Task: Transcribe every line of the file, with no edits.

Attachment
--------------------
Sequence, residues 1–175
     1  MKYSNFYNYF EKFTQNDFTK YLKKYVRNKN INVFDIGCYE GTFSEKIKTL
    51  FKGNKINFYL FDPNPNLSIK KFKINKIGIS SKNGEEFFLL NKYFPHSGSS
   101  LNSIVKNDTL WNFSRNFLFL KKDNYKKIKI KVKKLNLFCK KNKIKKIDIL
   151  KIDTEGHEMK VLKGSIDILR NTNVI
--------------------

Sequence, residues 1–175
     1  MKYSNFYNYF EKFTQNDFTK YLKKYVRNKN INVFDIGCYE GTFSEKIKTL
    51  FKGNKINFYL FDPNPNLSIK KFKINKIGIS SKNGEEFFLL NKYFPHSGSS
   101  LNSIVKNDTL WNFSRNFLFL KKDNYKKIKI KVKKLNLFCK KNKIKKIDIL
   151  KIDTEGHEMK VLKGSIDILR NTNVI